The rising temperatures signal the fun summer months of backyard barbecues, vacations and more time spent outside (with a cool drink in hand). But, the scorching days of summer can also present unique hazards for your pets.
Follow these quick tips to ensure your fur babies remain happy and healthy during the dog days of summer:
- Never leave your pets in your vehicle.Hundreds of pets die from heat exhaustion each year because they are left in parked vehicles (source: AVMA). Many pet owners don’t realize that even if they leave the windows cracked (or the air conditioner running), temperatures can still rise quickly and put pets at risk of serious illness or death.
- Do not walk dogs or allow them to exercise or play hard during the very hot weatheror the hottest party of the day. Exercising your dogs in the early morning or evening is recommended. Remember that hot pavement can injure your pet’s paws. Try this quick tip: Place the back of your hand on the pavement; if you can’t hold it for five seconds, it’s too hot to walk your dog.
- Don’t forget, your pets have delicate skin.Did you know skin cancer is the most common form of cancer in dogs and the second-most common form in cats? Even though fur provides some protection, you should apply sunscreen to your pet’s least hair-covered spots—dogs’ bellies and around cats’ ears and eyes. There are sunscreens made specifically for pets, as zinc oxide can be toxic for pets. If your pet does get a sunburn, applying pure aloe can help soothe irritation, but be sure to check with your veterinarian first to ensure the brand you have is safe for pets.
- Know the signs of heat exhaustion.Signs of heat stress could include trouble breathing, excessive panting, increased heart rate, weakness or collapsing. If you suspect your pet is suffering from heat exhaustion, contact your veterinarian immediately.
- Keep your pets cool indoors as well.While it’s important to not have pets outside in the heat of the day, hot weather means inside temperatures can be more difficult to regulate as well. While it may be tempting to increase the temperature in your home to save on energy costs while you are at work or away on vacation, understand high temperatures inside can be dangerous to pets also. A good rule of thumb is if it’s too warm for you, it’s also too warm for your pets.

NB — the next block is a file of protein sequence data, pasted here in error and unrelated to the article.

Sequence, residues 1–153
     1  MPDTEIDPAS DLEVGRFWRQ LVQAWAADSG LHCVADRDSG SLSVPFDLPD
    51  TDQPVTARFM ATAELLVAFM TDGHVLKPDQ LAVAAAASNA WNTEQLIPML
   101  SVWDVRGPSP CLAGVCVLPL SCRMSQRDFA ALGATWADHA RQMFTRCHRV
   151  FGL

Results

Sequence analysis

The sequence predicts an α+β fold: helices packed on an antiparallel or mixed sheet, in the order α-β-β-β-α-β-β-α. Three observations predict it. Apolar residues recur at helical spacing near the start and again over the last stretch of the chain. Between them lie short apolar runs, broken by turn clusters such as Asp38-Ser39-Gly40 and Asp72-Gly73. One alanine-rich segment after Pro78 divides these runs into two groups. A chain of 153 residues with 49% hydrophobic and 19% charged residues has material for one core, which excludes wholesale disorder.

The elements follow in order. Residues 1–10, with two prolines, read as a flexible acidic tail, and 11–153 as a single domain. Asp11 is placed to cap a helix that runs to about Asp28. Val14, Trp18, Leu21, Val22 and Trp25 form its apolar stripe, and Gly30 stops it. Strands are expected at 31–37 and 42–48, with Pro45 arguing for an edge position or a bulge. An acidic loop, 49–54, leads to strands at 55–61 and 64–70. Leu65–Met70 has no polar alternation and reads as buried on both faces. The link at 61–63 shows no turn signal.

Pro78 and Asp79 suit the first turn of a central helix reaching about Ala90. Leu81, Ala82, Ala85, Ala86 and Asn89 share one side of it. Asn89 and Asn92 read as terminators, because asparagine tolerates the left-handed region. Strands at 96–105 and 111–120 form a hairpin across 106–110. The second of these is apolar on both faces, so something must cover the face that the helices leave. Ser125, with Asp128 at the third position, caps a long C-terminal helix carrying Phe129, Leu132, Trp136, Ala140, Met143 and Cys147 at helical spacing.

- During the summer, more time is spent outside—often without the use of a leash. Unfortunately, this can lead to an increase in pets being hit by automobiles. Keep your dogs on a leash or confined by a fence—even well-behaved dogs should be kept on leash. Many cats also get hit by vehicles. Be sure to keep cats indoors, on a cat harness and leash or in a specially-designed cat fence.
- During warmer months, veterinarians see an increase in injured animals as a result of “High-Rise Syndrome,”which occurs when pets fall out of windows or doors. Make sure all windows are closed and have well-fitting screens.
- Be mindful of water safety for your pets.Never leave your dog unsupervised near an uncovered pool, and have your dog wear a bright lifejacket when boating, at the lake or beach. If you do have a pool, ensure the dog knows how to get out of the pool using the stairs by practicing with him or her several times.
- Don’t let cookouts and summer parties turn into bad experiences for your pets. Charcoal briquettes used for grills can get stuck in your dog’s stomach, requiring surgery. Also, don’t allow your guests to share scraps with your dog. Fatty leftovers can result in severe abdominal pain, or even death. Other foods, such as corn on the cob, also present a danger because they can become lodged in the dog’s intestines.
- Be aware of hazards in your garden and garage.While azaleas are common shrubs, they can be toxic for dogs or cats if ingested. Certain types of lilies can also cause acute kidney failure in cats, and even the ingestion of as little as two to three leaves can be fatal. In your garage, be mindful that any pesticides and insecticides (or plan food that include these) are out of paw’s reach. Fireworks can also be tempting for curious dogs, and the chemicals inside the fireworks could get stuck in the stomach causing serious side effects.
Zika Virus and our pets! The Zika virus has been in the news a lot lately. My thoughts go to can our pets get the Zika virus? What do the experts tell us?
- We don’t know if cats or dogs can get the Zika virus.
- At this time there is no evidence cats or dogs can transmit the Zika virus.
- We know that heart-worm preventatives will NOT stop the Zika Virus.
- The best way to protect our cats and dogs is mosquito control.
The Zika virus is spread through the bite of a mosquito; Aedes species. They bite during the day, have white spots on them, and prefer to bite people over animals!
So while research is being done on the Zika virus we can ALL do our part for humans and animals alike. Start NOW in our efforts to control the mosquitoes.
Remove standing water from flower pots, bowls, buckets, bird baths or outdoor containers and keep your gutters cleaned so water will not be trapped.
Keep the grass cut and bushes trimmed
To protect yourself and your pets:
Keep your window and door screens in good shape to keep mosquitoes from entering the home.
You should wear long sleeve shirts and pants when outdoors.
Use an all natural mosquito repellent for people and pets.
Do not use DEET on your pets, if you choose to use it on yourself be sure that your pets do not lick or touch the area until you have washed it off.
Catnip can be grown outside and lemon eucalyptus oil are natural options for a mosquito repellent.
For more information regarding the Zika virus check out Dr. Jones and Dr. Dodds.